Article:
Calgary-Banff Rail Project to undergo feasibility study

June 10, 2020
The Canada Infrastructure Bank and Alberta have signed an MOU to evaluate the benefits and cost of adding passenger rail service between Calgary’s airport and the national park.

A Memorandum of Understanding (MOU) has been signed between the Canada Infrastructure Bank (CIB) and the province of Alberta’s Ministry of Transportation to study the feasibility of a rail link between Banff and Calgary International Airport.  

CIB says it has been nearly 30 years since the province of Alberta had regular rail service between its largest city and Canada’s most visited national park. It is estimated about 23,000 vehicles travel Highway 1 in between Banff National Park gates and Calgary every day. Banff National Park attracts about four million visitors a year; a number expected to increase, along with traffic congestion on highways and local roads.

The Calgary-Banff Rail project aims to alleviate this congestion with a new 130-km (80.8-mile) rail line that would bring passengers between Calgary International Airport and Banff National Park with the potential to include four additional stops in downtown Calgary, Cochrane, Morley and Canmore. The service could have up to eight departures per day from the airport to Banff and the capability of running an express service from Calgary International Airport to downtown Calgary every 20 minutes. The line’s dedicated infrastructure would be built within the existing Canadian Pacific Railway corridor.

The Minister of Transportation for Alberta, Ric McIver, emphasized the potential benefits of this project.

"Our government is creating an environment where investors and job creators can succeed in Alberta. We're pleased to be partnering with the CIB to complete a feasibility study for the Calgary-Banff Rail project,” said Minister McIver. “The CIB brings expertise and experience needed for a project of this scale. We look forward to learning more about this exciting project and hearing from our community partners about how this opportunity can support our tourism industry and get our economy back on track.”

The MOU confirms the CIB will collaborate with Alberta Transportation to review the project's estimated costs and revenues, explore financing options and assess environmental, social and economic benefits prior to any potential investment decision by the CIB.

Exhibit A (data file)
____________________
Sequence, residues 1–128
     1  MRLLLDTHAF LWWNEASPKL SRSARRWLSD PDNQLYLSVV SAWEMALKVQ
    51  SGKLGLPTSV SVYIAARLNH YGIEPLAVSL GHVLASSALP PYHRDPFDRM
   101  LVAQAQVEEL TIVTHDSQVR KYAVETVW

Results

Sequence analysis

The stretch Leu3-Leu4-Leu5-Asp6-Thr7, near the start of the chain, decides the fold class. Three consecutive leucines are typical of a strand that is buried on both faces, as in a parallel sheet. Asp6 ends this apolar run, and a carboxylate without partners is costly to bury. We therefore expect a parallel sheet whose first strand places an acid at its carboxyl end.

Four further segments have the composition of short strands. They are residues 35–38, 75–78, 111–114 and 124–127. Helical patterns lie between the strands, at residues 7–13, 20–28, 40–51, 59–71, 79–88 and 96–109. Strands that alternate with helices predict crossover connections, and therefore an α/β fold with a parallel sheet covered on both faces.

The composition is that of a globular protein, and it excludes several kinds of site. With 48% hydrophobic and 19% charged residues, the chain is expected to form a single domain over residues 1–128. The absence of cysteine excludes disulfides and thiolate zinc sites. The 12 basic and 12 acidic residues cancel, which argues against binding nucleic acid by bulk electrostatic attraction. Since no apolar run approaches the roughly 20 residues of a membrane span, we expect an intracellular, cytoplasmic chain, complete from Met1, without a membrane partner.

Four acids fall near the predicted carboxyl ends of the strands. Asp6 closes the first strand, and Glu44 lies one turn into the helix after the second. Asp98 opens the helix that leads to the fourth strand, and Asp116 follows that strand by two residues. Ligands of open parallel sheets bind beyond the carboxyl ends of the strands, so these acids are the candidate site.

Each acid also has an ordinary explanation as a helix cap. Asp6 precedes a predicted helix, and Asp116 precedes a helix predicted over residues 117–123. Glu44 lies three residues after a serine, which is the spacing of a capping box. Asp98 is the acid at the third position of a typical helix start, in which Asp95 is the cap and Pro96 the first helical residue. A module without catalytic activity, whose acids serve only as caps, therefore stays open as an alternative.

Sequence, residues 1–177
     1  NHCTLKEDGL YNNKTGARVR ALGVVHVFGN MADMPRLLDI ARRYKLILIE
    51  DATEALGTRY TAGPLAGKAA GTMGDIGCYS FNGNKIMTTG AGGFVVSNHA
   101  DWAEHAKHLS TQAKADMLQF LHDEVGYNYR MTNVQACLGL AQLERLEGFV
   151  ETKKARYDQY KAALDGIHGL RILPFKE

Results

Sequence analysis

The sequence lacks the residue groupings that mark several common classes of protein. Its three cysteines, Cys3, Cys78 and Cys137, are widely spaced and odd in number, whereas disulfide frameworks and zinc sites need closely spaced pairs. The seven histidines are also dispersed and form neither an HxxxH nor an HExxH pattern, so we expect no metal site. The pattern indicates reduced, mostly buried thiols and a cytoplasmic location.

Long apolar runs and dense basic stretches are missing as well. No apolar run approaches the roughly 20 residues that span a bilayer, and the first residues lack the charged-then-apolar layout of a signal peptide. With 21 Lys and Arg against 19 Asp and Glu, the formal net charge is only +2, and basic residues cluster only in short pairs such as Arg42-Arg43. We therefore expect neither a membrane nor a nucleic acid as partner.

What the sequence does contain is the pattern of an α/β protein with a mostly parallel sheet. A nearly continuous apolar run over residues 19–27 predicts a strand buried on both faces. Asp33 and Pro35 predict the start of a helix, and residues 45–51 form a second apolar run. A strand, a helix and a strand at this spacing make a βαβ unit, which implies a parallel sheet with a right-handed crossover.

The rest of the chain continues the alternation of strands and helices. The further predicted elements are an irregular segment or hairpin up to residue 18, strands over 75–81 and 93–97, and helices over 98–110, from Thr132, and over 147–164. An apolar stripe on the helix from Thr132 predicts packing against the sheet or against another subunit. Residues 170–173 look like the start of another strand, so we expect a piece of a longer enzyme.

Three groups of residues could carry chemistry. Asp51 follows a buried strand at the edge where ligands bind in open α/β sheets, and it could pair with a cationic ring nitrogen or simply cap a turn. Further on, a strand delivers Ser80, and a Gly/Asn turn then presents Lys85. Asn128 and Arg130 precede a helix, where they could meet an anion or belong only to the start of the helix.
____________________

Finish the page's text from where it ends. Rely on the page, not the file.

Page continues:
"We are pleased to be building a strong partnership with the government of Alberta. An important part of the CIB's role is to work closely with governments across Canada to advance new infrastructure opportunities. The Calgary-Banff Rail project is the first of many potential projects for the CIB in Alberta," said Michael Sabia, chair of the board, CIB.  

The CIB explains Calgary-Banff Rail project brings benefits to locals and visitors through the creation of an innovative, environmentally friendly public transit option and help the town of Banff become more pedestrian friendly. Residents of First Nations communities could see increased employment opportunities with easier access into Calgary, Banff, Canmore and Cochrane, while visitors to tourism, cultural and recreational areas in Calgary and in the communities along the line would also benefit from more convenient and efficient travel from the airport and nearby communities.

CIB will finance the cost of the feasibility study. The government of Alberta intends to structure the project as a public-private partnership to attract investment, transfer risks and drive performance.

About the Author

Mischa Wanek-Libman | Group Editorial Director

Mischa Wanek-Libman serves as editor in chief of Mass Transit magazine and group editorial director of the Infrastructure and Aviation Group at Endeavor Business Media. She is responsible for developing and maintaining the editorial direction of the group and is based in the western suburbs of Chicago.

Wanek-Libman has spent more than 20 years covering transportation issues including construction projects and engineering challenges for various commuter railroads and transit agencies. She has been recognized for editorial excellence through her individual work, as well as for collaborative content. 

She is an active member of the American Public Transportation Association's Marketing and Communications Committee and serves as a Board Observer on the National Railroad Construction and Maintenance Association (NRC) Board of Directors.  

She is a graduate of Drake University, where she earned a Bachelor of Arts degree in Journalism and Mass Communication with a major in magazine journalism and a minor in business management.